Skee Riegel won another title, the Pennsylvania Open, in Hershey at the end of June. The tournament attracted the largest entry in its forty-three year history, 154 pros and amateurs. The Hershey Country Club and the Hershey Park courses were both needed to accommodate such a large field that was playing 36 holes in one day. Riegel began the day with a two-under-par 69 at the Park Course and added a two-over-par 75 in the afternoon at the Country Club for 144. The temperatures were near 100 degrees, which wasn’t unusual for the state open at Hershey. Fifty-nine players failed to finish. Henry Williams, Jr. and Robert Kinard an assistant at the Saucon Valley Country Club tied for second at 145, one stroke back of Riegel. First prize was $750 and the total purse was $2,500. Andy Stofko, an unattached non-PGA professional who was now playing out of the Colonial Country Club, finished fourth with a 146. Ken Stear and amateur Bob Batdorff tied for fifth with 147s.
Art Wall picked up his fourth win of the year on the PGA Tour at the Buick Open. The tournament was played at the Warwick Hills Country Club in early July. After tying with Dow Finsterwald, Wall won an 18-hole playoff with a 71 against a 73 for Finsterwald. They had tied with six-under-par 282 scores. Wall’s four rounds were 71, 67, 72 and 72. Wall added to his money lead by earning $9,000 from the $52,000 purse. Jerry Barber and Cary Middlecoff tied for third with 283s. Wall had now finished first or second in eleven of the twenty-one tournaments played up to that time in 1959.
The next week in July Mike Souchak won the $25,000 Western Open. After rounds of 67, 67 and 73, Souchak trailed by five strokes entering the final round at the Pittsburgh Field Club. A last round 65 gave him an eight under par 272 and earned him the $5,000 first prize. Arnold Palmer missed a two-foot putt for a par on the last green and finished second one stroke back at 273. George Bayer (274) finished third and Ted Kroll (275) was fourth.
Twelve professionals from the Philadelphia Section were entered in the PGA Championship at Minneapolis at the end of July. With three rounds of 71, 72 and 68 Bob Rosburg started the last round six strokes behind Jerry Barber, but a 66 for a three-under-par 277 brought him his only win in a major. Barber and Doug Sanders tied for second one stroke out of a first place tie with 278s. Dow Finsterwald finished fourth at 280. Mike Souchak tied for fifth at 281, winning $2,000. Ed Oliver (285) won $1,250 for an 11th place tie and Art Wall (288) tied for 25th and won $510. Henry Williams, Jr. (293) tied for 44th and George Fazio (296) tied for 56th. They each won $200, which everyone below 34th place received. The total purse was $51,175 and Rosburg won $8,250. Joe Kirkwood, Jr. missed the cut after the third round. Stan Dudas, Al Nelson, Skee Riegel, Ken Stear, Tony Longo and John Long missed the second round cut.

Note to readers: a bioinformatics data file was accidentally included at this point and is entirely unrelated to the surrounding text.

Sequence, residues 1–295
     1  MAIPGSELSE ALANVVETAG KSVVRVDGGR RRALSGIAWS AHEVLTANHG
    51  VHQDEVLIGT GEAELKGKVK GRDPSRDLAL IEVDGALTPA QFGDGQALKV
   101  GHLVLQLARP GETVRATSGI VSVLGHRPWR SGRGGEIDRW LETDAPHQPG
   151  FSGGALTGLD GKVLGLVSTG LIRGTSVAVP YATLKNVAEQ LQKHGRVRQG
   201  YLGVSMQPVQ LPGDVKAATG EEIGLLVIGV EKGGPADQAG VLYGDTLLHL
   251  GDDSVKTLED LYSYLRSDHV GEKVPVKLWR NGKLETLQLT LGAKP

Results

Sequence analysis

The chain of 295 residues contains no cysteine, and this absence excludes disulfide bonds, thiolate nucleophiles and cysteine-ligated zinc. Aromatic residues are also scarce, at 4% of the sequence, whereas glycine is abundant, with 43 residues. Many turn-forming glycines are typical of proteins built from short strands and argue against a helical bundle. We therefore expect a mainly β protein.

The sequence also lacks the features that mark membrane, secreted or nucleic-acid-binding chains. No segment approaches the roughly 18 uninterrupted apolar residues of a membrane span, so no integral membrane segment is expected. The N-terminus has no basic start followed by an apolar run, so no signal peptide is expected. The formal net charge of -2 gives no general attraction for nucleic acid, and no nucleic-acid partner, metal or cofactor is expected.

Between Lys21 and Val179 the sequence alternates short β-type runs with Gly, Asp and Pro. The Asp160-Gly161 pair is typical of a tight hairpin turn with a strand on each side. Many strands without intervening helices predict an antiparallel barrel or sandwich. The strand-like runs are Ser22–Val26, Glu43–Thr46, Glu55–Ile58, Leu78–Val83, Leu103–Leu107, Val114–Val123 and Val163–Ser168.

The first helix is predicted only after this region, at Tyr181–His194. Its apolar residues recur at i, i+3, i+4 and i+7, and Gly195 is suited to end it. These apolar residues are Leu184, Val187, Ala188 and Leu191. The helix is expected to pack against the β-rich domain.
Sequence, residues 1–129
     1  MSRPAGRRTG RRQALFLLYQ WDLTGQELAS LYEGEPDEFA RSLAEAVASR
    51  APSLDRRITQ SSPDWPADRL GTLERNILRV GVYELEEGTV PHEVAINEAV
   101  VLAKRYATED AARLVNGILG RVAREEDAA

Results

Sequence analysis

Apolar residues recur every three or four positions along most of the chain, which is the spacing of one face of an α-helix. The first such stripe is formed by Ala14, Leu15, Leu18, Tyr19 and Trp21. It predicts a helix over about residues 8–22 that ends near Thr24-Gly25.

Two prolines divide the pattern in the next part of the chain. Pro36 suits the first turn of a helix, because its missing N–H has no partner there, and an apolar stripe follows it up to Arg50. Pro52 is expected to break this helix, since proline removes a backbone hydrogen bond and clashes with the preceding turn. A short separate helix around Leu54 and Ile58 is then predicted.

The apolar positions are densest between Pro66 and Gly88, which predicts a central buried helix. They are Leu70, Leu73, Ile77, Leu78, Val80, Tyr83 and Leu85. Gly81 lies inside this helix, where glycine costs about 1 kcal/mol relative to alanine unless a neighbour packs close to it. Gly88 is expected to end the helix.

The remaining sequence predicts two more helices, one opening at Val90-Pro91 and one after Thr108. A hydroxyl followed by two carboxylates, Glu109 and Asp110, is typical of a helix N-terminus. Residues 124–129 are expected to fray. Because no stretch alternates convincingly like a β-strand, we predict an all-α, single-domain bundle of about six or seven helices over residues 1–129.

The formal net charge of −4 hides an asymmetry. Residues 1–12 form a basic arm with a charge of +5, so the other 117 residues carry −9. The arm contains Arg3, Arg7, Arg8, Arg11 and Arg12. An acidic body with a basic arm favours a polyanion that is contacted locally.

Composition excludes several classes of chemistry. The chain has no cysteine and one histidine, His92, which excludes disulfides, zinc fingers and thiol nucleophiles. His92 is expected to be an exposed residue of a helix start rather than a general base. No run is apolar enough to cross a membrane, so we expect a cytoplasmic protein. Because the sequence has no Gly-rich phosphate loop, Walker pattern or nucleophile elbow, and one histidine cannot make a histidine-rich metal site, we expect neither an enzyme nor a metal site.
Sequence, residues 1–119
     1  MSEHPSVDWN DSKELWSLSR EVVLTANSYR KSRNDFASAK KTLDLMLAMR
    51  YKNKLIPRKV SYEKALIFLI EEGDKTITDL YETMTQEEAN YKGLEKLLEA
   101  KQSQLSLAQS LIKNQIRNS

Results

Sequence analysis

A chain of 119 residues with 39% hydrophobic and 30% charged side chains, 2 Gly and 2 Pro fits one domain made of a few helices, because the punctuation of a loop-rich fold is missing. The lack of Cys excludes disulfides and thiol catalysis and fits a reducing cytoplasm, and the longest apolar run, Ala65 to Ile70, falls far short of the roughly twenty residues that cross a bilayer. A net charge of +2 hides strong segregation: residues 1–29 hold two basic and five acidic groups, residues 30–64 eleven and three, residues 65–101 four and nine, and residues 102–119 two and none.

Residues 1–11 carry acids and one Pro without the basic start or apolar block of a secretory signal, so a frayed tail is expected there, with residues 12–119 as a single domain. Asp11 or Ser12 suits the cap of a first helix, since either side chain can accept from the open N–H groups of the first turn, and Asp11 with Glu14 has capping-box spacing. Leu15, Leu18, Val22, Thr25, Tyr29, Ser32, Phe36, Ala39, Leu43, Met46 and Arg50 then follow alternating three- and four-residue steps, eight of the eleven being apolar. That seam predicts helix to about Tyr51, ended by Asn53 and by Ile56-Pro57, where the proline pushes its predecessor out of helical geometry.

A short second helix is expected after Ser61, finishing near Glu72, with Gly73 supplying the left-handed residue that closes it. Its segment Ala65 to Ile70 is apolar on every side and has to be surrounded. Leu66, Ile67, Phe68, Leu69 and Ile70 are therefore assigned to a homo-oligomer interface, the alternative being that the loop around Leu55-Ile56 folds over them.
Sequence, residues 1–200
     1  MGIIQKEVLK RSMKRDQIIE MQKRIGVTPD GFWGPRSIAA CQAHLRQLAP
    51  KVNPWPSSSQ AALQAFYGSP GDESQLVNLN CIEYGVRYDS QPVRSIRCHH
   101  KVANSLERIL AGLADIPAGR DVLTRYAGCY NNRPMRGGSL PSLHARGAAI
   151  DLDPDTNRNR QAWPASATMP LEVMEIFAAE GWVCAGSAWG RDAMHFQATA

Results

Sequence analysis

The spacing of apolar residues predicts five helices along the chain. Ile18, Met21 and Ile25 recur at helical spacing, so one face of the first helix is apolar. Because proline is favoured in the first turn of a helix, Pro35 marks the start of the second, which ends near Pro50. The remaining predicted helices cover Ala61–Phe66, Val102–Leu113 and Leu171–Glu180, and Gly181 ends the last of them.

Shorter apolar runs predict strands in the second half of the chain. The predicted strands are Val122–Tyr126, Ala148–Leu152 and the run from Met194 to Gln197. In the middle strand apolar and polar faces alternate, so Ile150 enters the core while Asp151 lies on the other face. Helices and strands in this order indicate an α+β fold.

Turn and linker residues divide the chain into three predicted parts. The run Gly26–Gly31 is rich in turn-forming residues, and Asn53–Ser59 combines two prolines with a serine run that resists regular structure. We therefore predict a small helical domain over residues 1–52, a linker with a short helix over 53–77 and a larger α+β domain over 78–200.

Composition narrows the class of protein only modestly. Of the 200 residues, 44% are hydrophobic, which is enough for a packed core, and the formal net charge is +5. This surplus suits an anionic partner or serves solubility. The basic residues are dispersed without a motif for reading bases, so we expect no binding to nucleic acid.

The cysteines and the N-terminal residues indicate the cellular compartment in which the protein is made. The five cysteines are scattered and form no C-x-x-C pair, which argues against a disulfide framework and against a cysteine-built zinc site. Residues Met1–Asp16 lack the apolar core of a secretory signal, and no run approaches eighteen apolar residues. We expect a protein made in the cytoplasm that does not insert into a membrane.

At the PGA Championship the PGA Tour members elected Art Wall to the four-man PGA Tournament Committee. He and Don Fairfield were elected by the PGA Tour members. The terms were for two years. Wall beat out Gene Littler by one vote and Arnold Palmer by five votes.
After many years the Philadelphia PGA Assistant Championship was revived. The tournament had been held from 1925 to 1933 and again in 1933. Now it was back and played at the Philadelphia Country Club on the fifth Friday of July. Henry McQuiston came away the winner with a steady one under par 70. He birdied all three of the par 5 holes. Philmont Country Club assistant Eddie Conklin finished second one stroke back with a 71. Shawnee Inn & Country Club assistant John Chimenti and Don Stough tied for third with 72s.
In August the Philadelphia Section had a new member on the PGA Tour. Jon Gustin was playing out of the Philadelphia Country Club. The Country Club’s professional Loma Frakes and two of the members were financially backing him. His ball striking ability was legendary. He was one of the few players that Ben Hogan would pause to watch hit balls on the practice tee. While serving in the marines Gustin had been in President Eisenhower’s Color Guard at the White House.
In mid August Mike Souchak won the $25,000 Motor City Open at the Meadowbrook Country Club near Detroit. Souchak put together rounds of 69, 63, 67 and 69 for a sixteen-under-par 268, which was a tournament record. Souchak won the first prize of $3,500 by nine strokes. Doug Ford and Billy Casper tied for second with 277s. Art Wall, Dutch Harrison and Arnold Palmer tied for fourth at 279.